Self and Subjectivity (Blackwell Readings in Continental Philosophy)
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Blackwell: I came across the Self and Subjectivity, edited by Atkins, only very recently. It seems to be from the Margaret D. It is not clear why Atkins chose this edition. It is on these that I should like to concentrate. Indeed, it is not clear what it could possibly mean.
Self and Subjectivity
His aim, however, is not to provide metaphysical foundations for physics or natural philosophy, in the sense of deriving a physical theory from metaphysical principles. He is not in the grip of a fantasy that reason unaided can give us knowledge of a world of corporeal objects. But mind and body, for Descartes, are not composed of anything; mind and body are substances, and substances cannot be composed of anything. They depend for their realisation or manifestation on the causal interaction with the body despite the fact that they are, strictly speaking, modes of the mind under the attribute of thought; they are not a third category as some commentators have suggested.
By Meditation VI, I know that I am embodied because of my immediate awareness or experience of my sensations, emotions, and so on; and I know it because my awareness presupposes the union, demonstrating the determinacy, unity, and integrity of person in its own right.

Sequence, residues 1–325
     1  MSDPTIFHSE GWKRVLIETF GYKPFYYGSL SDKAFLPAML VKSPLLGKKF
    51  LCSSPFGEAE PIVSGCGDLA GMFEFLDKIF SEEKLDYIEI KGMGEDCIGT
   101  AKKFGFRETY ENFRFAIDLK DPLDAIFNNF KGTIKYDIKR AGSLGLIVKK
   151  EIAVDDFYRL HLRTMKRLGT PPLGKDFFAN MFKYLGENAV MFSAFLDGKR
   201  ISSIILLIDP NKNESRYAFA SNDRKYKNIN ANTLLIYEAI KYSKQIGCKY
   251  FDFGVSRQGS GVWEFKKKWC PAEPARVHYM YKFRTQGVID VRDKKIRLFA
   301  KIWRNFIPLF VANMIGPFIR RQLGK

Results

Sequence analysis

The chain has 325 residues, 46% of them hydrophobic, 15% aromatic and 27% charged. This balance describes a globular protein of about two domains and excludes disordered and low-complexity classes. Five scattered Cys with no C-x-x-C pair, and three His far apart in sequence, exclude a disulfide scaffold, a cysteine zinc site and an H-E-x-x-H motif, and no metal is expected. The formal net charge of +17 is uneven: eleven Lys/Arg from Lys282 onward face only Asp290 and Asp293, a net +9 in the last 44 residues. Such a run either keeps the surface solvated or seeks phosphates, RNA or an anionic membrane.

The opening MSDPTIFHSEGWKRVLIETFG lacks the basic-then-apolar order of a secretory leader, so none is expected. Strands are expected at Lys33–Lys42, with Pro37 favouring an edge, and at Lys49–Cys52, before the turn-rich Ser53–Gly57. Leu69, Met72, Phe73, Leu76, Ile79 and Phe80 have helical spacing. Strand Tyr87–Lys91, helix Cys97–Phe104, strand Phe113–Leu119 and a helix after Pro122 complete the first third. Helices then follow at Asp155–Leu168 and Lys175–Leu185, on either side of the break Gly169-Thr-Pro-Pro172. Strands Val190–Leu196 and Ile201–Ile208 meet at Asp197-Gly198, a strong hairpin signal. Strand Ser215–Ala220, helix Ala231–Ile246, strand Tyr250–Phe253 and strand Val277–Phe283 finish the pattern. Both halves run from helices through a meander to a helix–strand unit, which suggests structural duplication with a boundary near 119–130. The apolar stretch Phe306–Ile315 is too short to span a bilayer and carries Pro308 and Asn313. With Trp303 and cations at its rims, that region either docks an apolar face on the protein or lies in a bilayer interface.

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First, for Descartes the self has faculties which are inseparable from it, but it has no parts and consists of no parts. He does not separate either the senses or the imagination from reason, but merely distinguishes between them, even though they are not necessary to his clear and distinct conception of the self qua thinking being.
A person, for Descartes, is neither a disembodied ego nor a construct, but a substantial union of mind and human body.
Secondly, we can consider, for example, that perceptual experience tells me that the sun is a small disc on the sky about two hundred kilometres away from me; reason together with an understanding of physics and physical laws informs me of the true nature of the sun. Secondly, the proposition ego cogito, ergo sum, is not a conclusion either of any syllogistic reasoning, or of any other form of inference. Descartes rightly argues that it is a simple intuition, that is, a non-inferential proposition.
As I have argued else where see my , we need to distinguish between the order of discovery and the order of effective exposition, defence, or explanation. The Meditations follows the strict order of discovery. The self and subjectivity is not set over against the world or reality since the self is itself real; it is part of the world as there is nowhere else for it to be.
This is a misunderstanding. First, it makes no sense to talk about the cogito as either nonbodily, or as a thinking thing; the cogito is a proposition. Why is he not arguing the point? In other words, his commitments at that stage are epistemic, not metaphysical. He does not argue that he has a complete understanding, or an adequate idea, of anything, not even of the self qua thinking being. But that is not necessary, since his clear and distinct understanding of mind and his clear and distinct understanding of body are sufficient for understanding each as a complete thing, and a complete thing is a substance.